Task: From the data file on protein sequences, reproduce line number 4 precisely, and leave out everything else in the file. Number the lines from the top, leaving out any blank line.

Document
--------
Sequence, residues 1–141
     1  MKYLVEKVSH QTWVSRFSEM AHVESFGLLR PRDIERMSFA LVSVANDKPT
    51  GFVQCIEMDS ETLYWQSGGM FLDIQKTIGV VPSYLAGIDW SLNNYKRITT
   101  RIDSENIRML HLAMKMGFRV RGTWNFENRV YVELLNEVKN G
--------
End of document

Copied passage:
   101  RIDSENIRML HLAMKMGFRV RGTWNFENRV YVELLNEVKN G